Who is jumping on the Royal Wedding bandwagon? And to what lengths will people go to get their slice of the media frenzy?
As the Royal Wedding edges ever closer it seems you cannot open a newspaper or switch on the TV without being bombarded by coverage about the Royal Wedding of Prince William to Kate Middleton.
So with this in mind, is everyone jumping on the ‘Royal’ bandwagon to promote their own business?
I fear perhaps not. Unfortunately, and it saddens me to say this, it has been much more difficult to find scandalous abuses of the Royal Wedding’s media obsession than one might imagine. I expected to type in search terms such as ‘The Royal Wedding’ or ‘Will & Kate’ and be bombarded with useless and irrelevant links to websites that had no reference to the wedding at all. However, it seems on closer inspection that most businesses have in fact used the Royal wedding in a rather tasteful way.
Of course, we must pay mention to the latest T-Mobile viral ad. At last count it had 13.5 million views!
This is a particularly excellent and quality example of how to use the Royal Wedding to your benefit. An already well-established marketing tool used by T-Mobile is the viral dance ad. They have simply edited the content to be relevant to the current public obsession.
Kodak has also used the Royal Wedding to their advantage for one of their poster advertisements. A simple play with Kate’s current surname ‘Middleton’ has created a clever and classy advert saying exactly what it needs to whilst indulging ever so slightly in Royal Wedding fever.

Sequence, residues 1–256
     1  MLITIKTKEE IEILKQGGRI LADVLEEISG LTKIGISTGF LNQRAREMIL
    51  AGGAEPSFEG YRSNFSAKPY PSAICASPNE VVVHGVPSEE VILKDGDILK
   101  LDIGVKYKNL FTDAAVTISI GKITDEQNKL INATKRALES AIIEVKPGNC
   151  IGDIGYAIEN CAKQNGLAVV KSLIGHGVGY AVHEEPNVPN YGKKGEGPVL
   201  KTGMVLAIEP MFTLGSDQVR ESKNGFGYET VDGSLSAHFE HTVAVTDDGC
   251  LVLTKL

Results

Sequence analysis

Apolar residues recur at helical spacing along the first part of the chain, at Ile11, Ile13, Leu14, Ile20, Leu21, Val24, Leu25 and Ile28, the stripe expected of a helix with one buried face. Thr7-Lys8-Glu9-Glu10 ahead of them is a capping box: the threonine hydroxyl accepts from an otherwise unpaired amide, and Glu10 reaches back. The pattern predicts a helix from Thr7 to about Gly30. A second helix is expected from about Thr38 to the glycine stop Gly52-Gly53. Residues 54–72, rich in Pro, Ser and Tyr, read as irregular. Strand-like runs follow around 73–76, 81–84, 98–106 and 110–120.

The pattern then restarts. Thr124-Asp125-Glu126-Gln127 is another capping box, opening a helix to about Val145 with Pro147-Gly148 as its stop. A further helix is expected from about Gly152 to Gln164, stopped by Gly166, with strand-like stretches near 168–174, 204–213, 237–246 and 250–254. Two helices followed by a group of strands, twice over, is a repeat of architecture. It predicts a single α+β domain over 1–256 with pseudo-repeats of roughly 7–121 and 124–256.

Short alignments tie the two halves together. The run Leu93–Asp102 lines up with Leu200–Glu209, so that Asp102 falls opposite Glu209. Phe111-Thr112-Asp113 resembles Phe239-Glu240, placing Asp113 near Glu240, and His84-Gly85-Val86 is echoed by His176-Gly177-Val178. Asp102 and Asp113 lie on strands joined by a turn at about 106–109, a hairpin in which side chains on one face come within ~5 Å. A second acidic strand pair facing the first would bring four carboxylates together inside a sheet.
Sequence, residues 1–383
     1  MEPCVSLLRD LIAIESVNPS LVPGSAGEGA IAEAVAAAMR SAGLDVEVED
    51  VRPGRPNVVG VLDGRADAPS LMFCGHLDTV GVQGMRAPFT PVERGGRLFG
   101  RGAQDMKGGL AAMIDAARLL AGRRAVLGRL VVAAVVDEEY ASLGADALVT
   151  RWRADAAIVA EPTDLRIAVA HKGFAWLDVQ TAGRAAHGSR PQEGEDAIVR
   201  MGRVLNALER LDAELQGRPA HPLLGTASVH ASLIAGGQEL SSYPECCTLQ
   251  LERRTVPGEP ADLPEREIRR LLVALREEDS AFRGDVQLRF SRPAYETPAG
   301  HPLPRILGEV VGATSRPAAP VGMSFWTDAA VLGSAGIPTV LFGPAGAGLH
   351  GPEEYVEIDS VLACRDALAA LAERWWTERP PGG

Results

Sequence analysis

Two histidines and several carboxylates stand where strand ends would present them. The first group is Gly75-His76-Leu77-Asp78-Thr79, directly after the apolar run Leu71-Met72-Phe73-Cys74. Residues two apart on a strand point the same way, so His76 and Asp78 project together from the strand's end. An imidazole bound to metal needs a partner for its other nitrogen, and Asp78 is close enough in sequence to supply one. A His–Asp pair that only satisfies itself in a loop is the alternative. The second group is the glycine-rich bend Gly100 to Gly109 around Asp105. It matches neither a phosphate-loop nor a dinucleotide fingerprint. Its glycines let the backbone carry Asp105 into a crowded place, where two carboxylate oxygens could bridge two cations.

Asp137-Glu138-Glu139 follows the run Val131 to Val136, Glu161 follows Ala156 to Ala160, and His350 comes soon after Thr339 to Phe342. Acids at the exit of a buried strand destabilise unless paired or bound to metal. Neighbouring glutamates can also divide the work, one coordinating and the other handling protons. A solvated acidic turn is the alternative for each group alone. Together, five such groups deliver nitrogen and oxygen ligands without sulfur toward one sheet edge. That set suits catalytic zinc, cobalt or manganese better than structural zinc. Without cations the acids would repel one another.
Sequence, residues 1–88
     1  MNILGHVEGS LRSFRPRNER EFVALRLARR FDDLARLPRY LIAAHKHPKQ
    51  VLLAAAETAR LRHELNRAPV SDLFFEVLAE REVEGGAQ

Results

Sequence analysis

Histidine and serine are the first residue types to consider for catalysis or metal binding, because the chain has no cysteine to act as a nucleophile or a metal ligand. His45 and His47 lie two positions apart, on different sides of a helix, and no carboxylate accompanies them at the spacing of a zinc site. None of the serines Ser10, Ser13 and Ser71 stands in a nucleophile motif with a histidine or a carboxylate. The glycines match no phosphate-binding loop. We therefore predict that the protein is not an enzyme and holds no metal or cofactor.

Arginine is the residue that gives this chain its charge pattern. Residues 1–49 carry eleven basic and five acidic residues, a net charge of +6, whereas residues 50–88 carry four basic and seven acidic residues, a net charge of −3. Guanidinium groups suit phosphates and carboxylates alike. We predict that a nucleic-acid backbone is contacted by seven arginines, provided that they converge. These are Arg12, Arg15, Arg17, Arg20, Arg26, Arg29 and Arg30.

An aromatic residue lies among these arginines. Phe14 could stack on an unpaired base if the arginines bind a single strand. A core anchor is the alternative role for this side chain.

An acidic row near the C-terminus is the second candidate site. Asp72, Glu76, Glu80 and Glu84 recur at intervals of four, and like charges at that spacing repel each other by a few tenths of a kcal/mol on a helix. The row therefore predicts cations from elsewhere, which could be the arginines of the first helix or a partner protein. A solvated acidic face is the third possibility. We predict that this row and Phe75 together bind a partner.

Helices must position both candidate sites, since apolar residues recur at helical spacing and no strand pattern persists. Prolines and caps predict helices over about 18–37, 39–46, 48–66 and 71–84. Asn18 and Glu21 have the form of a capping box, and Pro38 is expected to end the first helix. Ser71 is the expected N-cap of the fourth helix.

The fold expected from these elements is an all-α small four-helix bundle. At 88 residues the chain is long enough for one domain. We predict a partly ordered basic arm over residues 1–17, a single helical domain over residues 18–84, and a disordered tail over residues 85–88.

If we were to the go on to compare the current Royal Wedding search term trends from Google, concentrating on the last 3 months results, it is clear that certain specific searches have skyrocketed.
There are a minority of companies that appear to be using paid keyword searches, such as ‘Royal Wedding’. Soda Stream created a Royal Wedding flavour, Pimms promote their free street party packs and William Hill have set up their own wedding related games. At one point we found BT Openzone being advertised. Although perhaps one could link the relevance between the wedding and the streaming element of the product, I do feel perhaps it is slightly far-fetched.
As you rummage through Google, it doesn’t appear that many businesses are taking full advantage of the media coverage and boost in Royal Wedding related searches online to advertise their products.
However, as you walk down the high street there are buntings and decorations everywhere. Just yesterday as I walked into an Early Learning Centre there were 2 child size cardboard cut-outs of Will & Kate with a gap for the face, for the children to pretend to be the prince and princess. Individual websites are advertising Royal Wedding items for sale, such as Debenhams’ Union Jack pillow and Royal brooches!
But is that it? – Surely Not! – With all the media frenzy around this once in a lifetime event, I must say I feel disappointed.
So, hats off to T-Mobile and Kodak for making the effort. Well done you!
NOW FOR THE FUNNY STUFF.
As I was trawling through the internet (although it did not take me long to find these) I have compiled a list of my top 5 weird and wonderful Royal Wedding souvenirs.
1. ‘Crown Jewels’ condoms. (www.crownjewelscondoms.com) 2. Royal Wedding sick bags. In a variety of colours! (www.royalweddingsickbag.com and www.lydialeith.com) 3. Commemorative Teabags (www.Firebox.com) 4. Will & Kate toilet seat cover (www.amazon.co.uk) 5. Royal Wedding playing cards (www.royalweddinggifts.com) This post was written by Alison Mann